On December 23, 2016, the Security Council plucked up courage to adopt by 14 votes with, for the first time the US abstaining, a resolution reaffirming that Israel's colonies in occupied Palestinian territory, including in Jerusalem, had no legal validity and constituted a flagrant violation under international law. The Council pledged not to recognise changes in the June 1967 ceasefire lines unless negotiated by the sides. This resolution was, unfortunately, adopted after Israel's best friend ever, Donald Trump, was elected to occupy the White House. He scrapped all the shelved resolutions adopted with good intentions but without the will to challenge Israel by forcing Israel to implement them.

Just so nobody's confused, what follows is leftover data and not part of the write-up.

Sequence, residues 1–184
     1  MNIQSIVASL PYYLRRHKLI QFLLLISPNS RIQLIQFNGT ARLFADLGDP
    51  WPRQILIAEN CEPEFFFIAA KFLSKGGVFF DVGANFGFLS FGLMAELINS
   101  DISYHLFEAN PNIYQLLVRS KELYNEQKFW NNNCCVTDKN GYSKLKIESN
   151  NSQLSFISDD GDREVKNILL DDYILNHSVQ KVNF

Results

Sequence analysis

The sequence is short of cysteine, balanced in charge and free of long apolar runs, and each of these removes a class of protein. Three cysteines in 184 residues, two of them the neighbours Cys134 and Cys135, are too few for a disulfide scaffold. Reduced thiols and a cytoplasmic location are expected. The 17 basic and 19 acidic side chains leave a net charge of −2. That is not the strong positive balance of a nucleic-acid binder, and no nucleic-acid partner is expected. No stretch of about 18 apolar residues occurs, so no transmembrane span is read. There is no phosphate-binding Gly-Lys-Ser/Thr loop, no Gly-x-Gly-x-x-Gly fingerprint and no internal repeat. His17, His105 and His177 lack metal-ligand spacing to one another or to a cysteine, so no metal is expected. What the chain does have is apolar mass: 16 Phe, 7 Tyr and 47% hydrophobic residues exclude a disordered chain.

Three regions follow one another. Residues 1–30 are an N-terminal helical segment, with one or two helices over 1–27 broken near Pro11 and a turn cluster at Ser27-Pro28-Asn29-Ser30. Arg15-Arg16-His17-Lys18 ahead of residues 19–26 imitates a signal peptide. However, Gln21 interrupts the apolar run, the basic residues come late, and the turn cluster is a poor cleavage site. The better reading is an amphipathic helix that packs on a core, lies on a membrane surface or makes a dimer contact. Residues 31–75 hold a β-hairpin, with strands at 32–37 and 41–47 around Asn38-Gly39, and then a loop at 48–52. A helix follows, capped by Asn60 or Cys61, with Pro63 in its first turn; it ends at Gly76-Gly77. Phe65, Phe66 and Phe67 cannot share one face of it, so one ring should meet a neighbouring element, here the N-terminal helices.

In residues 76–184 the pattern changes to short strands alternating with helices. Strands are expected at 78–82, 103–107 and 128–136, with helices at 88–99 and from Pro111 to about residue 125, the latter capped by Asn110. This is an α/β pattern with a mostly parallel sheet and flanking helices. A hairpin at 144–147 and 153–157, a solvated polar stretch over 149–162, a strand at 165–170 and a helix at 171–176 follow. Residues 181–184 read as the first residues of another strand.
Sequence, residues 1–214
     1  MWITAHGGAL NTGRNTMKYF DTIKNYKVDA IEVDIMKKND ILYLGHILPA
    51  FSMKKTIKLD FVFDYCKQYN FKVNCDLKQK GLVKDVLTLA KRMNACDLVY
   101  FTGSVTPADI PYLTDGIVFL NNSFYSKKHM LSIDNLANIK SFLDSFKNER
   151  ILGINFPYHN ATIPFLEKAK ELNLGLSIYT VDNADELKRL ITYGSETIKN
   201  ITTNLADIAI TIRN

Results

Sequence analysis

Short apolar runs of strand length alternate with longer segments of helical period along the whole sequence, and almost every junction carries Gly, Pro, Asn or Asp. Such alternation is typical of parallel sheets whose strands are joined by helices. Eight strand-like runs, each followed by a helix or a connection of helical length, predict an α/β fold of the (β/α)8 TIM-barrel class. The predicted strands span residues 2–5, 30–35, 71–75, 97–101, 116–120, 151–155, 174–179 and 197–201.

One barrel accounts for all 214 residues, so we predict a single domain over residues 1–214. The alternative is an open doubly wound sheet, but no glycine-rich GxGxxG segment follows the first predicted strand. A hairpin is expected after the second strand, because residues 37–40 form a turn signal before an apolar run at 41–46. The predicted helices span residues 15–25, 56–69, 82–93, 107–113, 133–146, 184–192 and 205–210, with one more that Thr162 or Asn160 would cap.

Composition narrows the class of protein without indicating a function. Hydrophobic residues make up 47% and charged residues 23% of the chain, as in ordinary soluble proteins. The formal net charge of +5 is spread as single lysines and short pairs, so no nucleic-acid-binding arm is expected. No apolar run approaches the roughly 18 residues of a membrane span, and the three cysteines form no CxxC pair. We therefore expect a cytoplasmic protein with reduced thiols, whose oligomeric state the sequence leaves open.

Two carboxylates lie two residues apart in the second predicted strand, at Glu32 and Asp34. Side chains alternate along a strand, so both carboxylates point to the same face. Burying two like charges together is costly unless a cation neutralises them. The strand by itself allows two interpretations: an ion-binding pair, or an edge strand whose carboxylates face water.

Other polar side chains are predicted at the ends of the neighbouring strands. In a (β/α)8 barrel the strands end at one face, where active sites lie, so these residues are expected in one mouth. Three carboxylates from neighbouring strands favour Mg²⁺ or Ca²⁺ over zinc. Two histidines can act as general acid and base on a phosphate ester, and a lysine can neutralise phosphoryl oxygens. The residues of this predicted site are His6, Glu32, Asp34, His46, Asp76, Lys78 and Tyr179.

Over the past week UN Secretary General Antonio Guterres, UN Human Rights Commissioner Michelle Batchelet, and other UN officials have condemned as illegal Israel’s plan to annex some or all of Israel’s West Bank colonies and/or the Jordan Valley. Israel already has the blessing of the Trump administration for this project and does not care what the US or other government s say or do. Why should it? The Security Council and General Assembly have never held Israel accountable for its flagrant violations of the principles on which the UN was founded.